JCL is written in which language



JES, JES2, JCL utilities, IDCAMS, Compile & Run JCLs, PROCs etc...

JCL is written in which language

Postby neha.sinha » Thu Mar 10, 2011 3:09 am

Hi All,

I wanted to know in which language is JCL written?
How do the internals of JCL work? Is it an interpreter or a compiler?

PLease help me find answers to these questions.

Thanks.
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Re: JCL is written in which language

 

Re: JCL is written in which language

Postby Robert Sample » Thu Mar 10, 2011 4:06 am

You are not clear in your question -- are you asking what language JCL is written in, or are you asking what language is used by the system to interpret and process JCL statements? JCL is written in JCL statements -- and the JCL Language Reference manual details exactly what the format is for each possible statement. The interpretation of these JCL statements is done by the system, and unless you work for IBM you're not likely to ever have a need to know more details -- probably it is done by assembler, but there are other possibilties. JCL is an interpreted, not compiled, language and JES (JES2 or JES3, depending upon the site) interprets the statements when the job is read into the system. What are you wanting to know about the internals of JCL -- while some details are available, IBM does not release a lot about internals of their system these days.
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Re: JCL is written in which language

Postby dick scherrer » Thu Mar 10, 2011 4:09 am

Hello and welcome to the forum,

JCL is a language. . .

Is it an interpreter or a compiler?
No. JCL is JCL. While the system "interprets" submitted JCL, JCL itself is not an interpreter.

How do the internals of JCL work?
This answer most likely will not appear in any forum/discussion site. There is simply too much of it and much is proprietary.

If you have something rather specific you want to learn, someone may have an answer.
Hope this helps,
d.sch.
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Re: JCL is written in which language

Postby enrico-sorichetti » Thu Mar 10, 2011 4:19 am

This answer most likely will not appear in any forum/discussion site. There is simply too much of it and much is proprietary.


any interested party can lurk at the converter/interpreter sources for MVS 3.8 !
( old but still interesting )
cheers
enrico
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so that I am sure that the information requested can be reached with a very small effort
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Re: JCL is written in which language

Postby neha.sinha » Thu Mar 10, 2011 4:35 am

Thanks for your response Robert and Dick.

My question was regarding the internal working - i.e what happens once we run a JCL? Does an interpreter or a compiler get invoked?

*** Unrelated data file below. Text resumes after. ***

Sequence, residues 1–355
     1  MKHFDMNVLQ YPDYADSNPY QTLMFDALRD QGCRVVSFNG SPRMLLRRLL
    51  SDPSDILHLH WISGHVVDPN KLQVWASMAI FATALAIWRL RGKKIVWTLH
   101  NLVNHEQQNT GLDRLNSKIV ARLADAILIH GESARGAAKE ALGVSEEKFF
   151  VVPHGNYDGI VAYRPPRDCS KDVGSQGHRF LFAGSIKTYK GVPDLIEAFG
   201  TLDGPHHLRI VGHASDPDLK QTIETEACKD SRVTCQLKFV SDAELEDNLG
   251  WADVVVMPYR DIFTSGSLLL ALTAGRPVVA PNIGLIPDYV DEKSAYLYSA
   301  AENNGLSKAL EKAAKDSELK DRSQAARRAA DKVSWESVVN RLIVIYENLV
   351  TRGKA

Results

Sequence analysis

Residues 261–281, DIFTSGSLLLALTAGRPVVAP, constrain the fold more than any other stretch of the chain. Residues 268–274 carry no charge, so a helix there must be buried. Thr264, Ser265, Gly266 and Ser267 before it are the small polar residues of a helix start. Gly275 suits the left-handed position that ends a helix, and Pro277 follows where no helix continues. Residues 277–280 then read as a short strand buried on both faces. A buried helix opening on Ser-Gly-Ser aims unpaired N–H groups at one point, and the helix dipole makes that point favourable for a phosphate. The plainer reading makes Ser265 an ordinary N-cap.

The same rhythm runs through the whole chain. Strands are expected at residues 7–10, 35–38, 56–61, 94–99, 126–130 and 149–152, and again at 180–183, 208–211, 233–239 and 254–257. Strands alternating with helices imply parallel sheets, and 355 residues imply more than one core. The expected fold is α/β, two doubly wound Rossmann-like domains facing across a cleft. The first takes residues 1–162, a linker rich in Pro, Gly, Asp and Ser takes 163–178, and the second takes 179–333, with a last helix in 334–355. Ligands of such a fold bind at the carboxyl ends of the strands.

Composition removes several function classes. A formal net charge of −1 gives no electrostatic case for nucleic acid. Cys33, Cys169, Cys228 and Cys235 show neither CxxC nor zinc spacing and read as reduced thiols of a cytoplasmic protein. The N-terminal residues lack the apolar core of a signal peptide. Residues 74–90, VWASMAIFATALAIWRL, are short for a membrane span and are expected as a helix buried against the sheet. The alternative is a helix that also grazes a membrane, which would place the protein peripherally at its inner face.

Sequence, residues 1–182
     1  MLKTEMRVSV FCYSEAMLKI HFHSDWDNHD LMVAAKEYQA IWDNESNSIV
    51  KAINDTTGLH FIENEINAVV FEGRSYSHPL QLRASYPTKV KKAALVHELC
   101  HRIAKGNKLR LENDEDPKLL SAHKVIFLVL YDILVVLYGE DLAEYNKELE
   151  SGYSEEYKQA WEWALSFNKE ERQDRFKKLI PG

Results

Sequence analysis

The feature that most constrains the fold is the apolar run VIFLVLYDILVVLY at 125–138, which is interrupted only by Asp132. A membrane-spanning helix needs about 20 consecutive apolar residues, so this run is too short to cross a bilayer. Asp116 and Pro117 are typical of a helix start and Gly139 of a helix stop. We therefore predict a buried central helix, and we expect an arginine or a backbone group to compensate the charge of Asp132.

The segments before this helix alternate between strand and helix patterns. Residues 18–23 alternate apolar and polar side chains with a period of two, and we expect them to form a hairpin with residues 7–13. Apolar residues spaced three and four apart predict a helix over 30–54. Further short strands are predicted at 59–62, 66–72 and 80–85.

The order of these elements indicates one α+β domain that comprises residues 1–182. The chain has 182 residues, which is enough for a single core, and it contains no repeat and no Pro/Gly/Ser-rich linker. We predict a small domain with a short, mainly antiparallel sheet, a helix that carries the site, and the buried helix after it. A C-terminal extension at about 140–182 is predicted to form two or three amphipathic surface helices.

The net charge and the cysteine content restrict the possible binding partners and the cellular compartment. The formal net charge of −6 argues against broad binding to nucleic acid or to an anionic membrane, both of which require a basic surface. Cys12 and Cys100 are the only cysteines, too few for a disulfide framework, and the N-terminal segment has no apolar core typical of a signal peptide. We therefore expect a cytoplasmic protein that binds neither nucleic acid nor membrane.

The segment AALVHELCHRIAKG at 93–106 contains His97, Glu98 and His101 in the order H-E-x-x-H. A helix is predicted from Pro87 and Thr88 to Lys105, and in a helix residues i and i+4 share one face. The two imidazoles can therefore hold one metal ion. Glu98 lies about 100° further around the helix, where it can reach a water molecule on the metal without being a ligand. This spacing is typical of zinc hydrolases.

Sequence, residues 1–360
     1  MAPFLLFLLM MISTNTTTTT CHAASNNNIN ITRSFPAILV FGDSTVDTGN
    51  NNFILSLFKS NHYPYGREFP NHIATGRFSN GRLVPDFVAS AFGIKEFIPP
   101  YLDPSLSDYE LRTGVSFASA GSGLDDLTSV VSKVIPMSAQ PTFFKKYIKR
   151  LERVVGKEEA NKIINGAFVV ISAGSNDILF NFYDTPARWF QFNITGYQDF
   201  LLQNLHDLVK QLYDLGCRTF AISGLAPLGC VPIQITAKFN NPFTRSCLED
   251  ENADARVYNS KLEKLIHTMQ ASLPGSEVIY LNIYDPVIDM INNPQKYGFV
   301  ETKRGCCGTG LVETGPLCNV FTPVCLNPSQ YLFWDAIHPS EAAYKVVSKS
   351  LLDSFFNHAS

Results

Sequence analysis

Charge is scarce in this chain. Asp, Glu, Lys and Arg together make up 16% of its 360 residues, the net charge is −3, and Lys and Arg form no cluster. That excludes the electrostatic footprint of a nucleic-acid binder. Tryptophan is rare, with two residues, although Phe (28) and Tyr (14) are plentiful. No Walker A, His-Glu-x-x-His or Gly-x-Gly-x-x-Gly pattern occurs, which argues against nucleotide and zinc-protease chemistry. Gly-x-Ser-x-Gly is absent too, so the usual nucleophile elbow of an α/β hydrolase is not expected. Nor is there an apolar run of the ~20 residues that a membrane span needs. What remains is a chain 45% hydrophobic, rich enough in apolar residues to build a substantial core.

Is the JCL converted to machine code (ready to be executed) or some intermediate level code?
When we call a cobol program from a jcl, we invoke the cobol compiler. At this point, does the interpreter invoke the compiler? Does the compiler pass the result/machine code back to the interpreter?
Or is there something that im missing?
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Re: JCL is written in which language

Postby Robert Sample » Thu Mar 10, 2011 5:41 am

You do not "run" a JCL -- you submit it. Once submitted, it goes through the JES converter / interpreter, which validates the JCL, issues locks (enqueues) on the data sets as required, and then calls the program(s) invoked by the JCL in sequence. If you have 7 steps in the job, there will be 7 programs executed (unless you have condition codes set). JCL is not converted to machine code although machine code is executed as part of the interpretation process. JCL is interpreted to determine what your job is doing, but there's no language to JCL in the sense of having statements to do certain things (such as COBOL ADD, MOVE, READ, WRITE). The things done by JCL are accomplished by the statements and parameter used.
// EXEC PGM=ABC,REGION=8M,TIME=(2,30) is a JCL statement that the system interprets to mean execute program ABC and allow it to use up to 8 megabytes of memory and run for up to 2 minutes 30 seconds of CPU time.

A compile is a different thing. The COBOL source code, for example, is translated into assembler statements that generate machine code plus other things (such as external program addresses for subroutines being executed). A compiled program is, by itself, useless. You must run the compiled code through the linkage editor / binder to generate a load module from the compiled code. A load module is a machine-executable program. When you invoke that program in JCL (by using // EXEC PGM=ABC in your job), the load module is located -- by STEPLIB, JOBLIB, or system library -- then loaded into memory and control passed to the program to start execute. Once the program is complete, it may (or may not) set a return code which is passed back to the system and is available in the job for later JCL steps to test for conditional execution. The program may not complete due to an abend, in which a dump may be produced to facilitate debugging -- but that depends upon the precise JCL used.